The sinner and the saint?
July 10,2022 Luke 10:25-37
When I saw this week’s Gospel reading, my heart sank. The Good Samaritan! How many times have we heard this parable and what could I possibly say about it that was new? Theologically, it’s often surmised that Jesus was pointing out that the Levite and the priest were of high social status and would have been expected to do the right thing and ultimately attain eternal life. Yet, according to Jewish law, they would have become unclean by helping a bloodied man, so while they may have been following the rules they had forgotten the greatest rule: to show mercy.
The Samaritan was a Gentile, and for those listening in Jesus audience, an outcast. Jesus shocked the crowd by depicting the Samaritan, this undesirable person, as the hero of the story, as the person who will attain eternal life. It’s often presented today as a sweet and tidy story with the ultimate message of, ”be kind to others,” but in Jesus day it was radical.
To hear something new from the Good Samaritan story, I used a spiritual practice encouraged by Saint Ignatius called ‘Gospel Contemplation’. In Gospel contemplation, you read a Gospel passage like the Good Samaritan parable a couple of times and then, on the 3rd reading, you imagine yourself as an observer in the story. Like an actor in a play, you immerse yourself in the scene so that you’re seeing, feeling, hearing everything that is happening and getting a better understanding of the perspective of whomever you are in the story.
Using Gospel contemplation, I imagined myself as the Samaritan on the road to Jericho. It was hot and dusty as I walked with my donkey. I was anxious because this road was notoriously dangerous for harboring thieves. When I saw the beaten man on the side of the road, I was saddened but also slightly annoyed. He clearly needed my help. I chose not to ignore him, but stopping meant I would be delayed in arriving in Jericho. After leaving the beaten man at the inn, I was feeling pretty good about myself and my actions. I was a great guy! That is where the story ends in the Bible but I decided to keep walking to Jericho as the Samaritan. What if upon arriving in the city I was well known for some not so great actions like tax evasion, sexual harassment or a gambling problem. Now the hero doesn’t look so heroic. Can I be both a hero and a sinner?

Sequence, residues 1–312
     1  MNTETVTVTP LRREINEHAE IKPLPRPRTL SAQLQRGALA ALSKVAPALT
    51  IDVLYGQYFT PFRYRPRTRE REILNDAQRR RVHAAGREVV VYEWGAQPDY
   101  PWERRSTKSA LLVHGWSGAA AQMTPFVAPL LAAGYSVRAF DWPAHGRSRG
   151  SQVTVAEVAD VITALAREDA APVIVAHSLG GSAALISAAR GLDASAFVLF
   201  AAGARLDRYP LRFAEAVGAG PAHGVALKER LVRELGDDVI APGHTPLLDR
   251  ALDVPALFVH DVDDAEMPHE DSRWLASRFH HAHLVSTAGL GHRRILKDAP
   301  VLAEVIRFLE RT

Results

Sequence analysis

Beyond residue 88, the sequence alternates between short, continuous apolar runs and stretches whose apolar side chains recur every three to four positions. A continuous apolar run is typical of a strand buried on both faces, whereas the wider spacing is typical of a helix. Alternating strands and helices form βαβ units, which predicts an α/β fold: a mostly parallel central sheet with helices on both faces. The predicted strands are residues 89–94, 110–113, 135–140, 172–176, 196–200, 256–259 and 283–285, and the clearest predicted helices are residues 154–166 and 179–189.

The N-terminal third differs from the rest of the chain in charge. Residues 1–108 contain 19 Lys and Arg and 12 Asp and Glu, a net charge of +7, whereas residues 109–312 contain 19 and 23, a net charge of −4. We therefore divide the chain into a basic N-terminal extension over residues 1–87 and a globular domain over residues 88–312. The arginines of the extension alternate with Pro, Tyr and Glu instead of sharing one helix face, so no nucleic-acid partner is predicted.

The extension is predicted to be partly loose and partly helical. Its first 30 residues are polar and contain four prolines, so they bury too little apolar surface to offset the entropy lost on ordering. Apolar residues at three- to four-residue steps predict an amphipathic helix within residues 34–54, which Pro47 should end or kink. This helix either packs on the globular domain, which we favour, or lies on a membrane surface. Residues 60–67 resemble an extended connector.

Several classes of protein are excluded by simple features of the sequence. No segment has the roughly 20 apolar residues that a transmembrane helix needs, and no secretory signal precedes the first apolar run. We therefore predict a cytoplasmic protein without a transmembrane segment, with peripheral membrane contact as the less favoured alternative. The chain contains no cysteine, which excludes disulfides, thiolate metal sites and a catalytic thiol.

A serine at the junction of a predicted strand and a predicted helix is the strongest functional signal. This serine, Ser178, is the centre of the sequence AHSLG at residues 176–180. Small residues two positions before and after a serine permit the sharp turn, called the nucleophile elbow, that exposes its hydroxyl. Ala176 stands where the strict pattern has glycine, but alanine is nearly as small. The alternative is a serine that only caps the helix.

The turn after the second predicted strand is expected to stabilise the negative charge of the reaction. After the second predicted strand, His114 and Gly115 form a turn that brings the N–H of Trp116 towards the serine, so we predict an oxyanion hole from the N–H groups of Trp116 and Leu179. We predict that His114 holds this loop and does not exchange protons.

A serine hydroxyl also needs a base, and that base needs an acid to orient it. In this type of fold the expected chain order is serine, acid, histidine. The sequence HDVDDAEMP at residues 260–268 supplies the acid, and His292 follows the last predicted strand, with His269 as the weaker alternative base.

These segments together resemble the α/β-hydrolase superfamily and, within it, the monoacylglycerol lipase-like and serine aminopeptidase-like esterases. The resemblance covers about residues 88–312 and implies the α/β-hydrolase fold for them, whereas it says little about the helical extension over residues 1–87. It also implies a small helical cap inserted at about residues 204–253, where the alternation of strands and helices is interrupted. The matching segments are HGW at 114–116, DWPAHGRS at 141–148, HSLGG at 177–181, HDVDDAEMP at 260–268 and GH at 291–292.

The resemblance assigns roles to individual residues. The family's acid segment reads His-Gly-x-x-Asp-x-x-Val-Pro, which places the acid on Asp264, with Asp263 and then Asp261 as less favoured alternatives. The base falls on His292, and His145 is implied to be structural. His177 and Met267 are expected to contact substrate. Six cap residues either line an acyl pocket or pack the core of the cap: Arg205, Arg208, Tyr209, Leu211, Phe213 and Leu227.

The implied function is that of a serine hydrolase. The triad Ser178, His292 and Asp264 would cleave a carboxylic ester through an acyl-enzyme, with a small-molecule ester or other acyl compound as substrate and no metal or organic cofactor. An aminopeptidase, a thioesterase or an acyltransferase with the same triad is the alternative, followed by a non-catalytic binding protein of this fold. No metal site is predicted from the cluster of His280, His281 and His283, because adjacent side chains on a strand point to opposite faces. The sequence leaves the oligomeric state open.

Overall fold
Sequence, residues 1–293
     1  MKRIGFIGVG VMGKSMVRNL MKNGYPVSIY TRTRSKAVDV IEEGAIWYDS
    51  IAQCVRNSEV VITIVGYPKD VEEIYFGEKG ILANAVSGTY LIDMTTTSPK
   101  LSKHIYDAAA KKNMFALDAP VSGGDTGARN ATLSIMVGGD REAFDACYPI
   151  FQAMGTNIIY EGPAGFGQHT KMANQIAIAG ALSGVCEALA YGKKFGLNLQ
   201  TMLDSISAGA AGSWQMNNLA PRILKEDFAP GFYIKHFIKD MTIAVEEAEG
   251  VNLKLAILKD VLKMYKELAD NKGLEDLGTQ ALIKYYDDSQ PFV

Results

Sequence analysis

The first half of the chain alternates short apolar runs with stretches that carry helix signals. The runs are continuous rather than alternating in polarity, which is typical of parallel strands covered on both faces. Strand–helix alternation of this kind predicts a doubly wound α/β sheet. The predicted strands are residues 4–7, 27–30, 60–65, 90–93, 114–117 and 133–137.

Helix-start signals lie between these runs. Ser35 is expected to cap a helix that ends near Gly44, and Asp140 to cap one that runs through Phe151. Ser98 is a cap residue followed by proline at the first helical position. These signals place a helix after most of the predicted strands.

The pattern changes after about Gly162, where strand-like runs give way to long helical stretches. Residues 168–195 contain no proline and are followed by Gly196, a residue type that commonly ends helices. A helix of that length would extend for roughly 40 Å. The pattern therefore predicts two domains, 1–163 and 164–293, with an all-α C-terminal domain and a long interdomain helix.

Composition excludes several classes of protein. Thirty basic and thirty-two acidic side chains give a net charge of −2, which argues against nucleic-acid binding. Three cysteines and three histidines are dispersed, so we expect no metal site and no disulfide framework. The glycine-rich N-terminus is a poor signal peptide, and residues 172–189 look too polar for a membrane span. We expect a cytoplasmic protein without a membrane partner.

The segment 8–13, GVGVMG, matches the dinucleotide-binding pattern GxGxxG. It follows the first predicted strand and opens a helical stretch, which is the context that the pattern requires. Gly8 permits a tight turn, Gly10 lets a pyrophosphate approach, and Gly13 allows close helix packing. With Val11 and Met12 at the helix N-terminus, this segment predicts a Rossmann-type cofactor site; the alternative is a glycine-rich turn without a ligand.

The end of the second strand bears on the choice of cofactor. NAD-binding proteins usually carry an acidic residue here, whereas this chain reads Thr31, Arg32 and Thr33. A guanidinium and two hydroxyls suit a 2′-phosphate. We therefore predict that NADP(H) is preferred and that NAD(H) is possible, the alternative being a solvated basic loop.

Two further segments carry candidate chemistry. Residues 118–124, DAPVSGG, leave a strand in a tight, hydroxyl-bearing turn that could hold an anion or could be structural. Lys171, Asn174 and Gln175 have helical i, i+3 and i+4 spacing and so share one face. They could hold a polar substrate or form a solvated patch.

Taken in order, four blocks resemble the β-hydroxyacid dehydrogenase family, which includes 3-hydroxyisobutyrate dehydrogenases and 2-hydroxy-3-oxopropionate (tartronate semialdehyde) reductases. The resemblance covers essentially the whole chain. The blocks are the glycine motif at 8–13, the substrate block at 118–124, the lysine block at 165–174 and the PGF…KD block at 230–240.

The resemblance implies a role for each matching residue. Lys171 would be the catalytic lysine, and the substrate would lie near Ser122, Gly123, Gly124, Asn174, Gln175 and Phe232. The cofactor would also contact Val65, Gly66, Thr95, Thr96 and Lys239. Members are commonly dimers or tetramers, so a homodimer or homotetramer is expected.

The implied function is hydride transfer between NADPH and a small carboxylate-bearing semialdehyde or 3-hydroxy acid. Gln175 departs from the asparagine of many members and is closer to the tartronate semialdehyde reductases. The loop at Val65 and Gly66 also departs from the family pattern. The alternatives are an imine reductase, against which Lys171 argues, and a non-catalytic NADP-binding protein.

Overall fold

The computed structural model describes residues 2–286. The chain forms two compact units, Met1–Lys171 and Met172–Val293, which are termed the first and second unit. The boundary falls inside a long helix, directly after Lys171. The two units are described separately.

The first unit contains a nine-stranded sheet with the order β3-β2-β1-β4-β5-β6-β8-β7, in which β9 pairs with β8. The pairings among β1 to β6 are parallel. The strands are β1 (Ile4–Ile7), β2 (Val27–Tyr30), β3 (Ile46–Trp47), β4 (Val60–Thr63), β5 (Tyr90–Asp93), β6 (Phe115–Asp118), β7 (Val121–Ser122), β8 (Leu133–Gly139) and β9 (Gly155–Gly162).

I probably thought about this because of a recent exposé in the New York Times about Deshaun Watson, the Cleveland Browns quarterback who signed a five-year contract with a salary guarantee of $230 million. Back in 2017 after Hurricane Harvey he gave his first NFL salary check to stadium cafeteria employees. I love this guy!! Hooray. Turns out he also had a serious problem harassing and assaulting women he hired as massage therapists. Boo, I do not like this guy. Which guy is he?
I’ve heard it said that we are not who we are on our worst day. If that is true, then are we not who we are on our best day? I think, instead, both are true. We are that person on our worst and best day. Humans can be a hero one day and a sinner the next. We are deeply flawed and can also be deeply merciful. We like to think folks are one or the other. We love binary choices: yes/no, good/bad, right/wrong, but our behavior is on a spectrum. Yet, when others make mistakes, we quickly throw them into the sinner camp and we rarely let them out. It’s easy to do, and it feels good because then we feel like we’re the better person.
Lately, I’ve been trying to see Christ in every person I meet. It’s exhausting because it takes effort and patience. Often I make a quick, negative judgement about someone and then the next second think, ”Oh yeah, I’m supposed to remember Christ is in this person. Rats!!” I’m hoping with a lot of time (probably a lifetime) it will become a reflex habit--that I will show mercy to everyone, and maybe one day when I’m not the hero but the sinner, that mercy will be shown to me.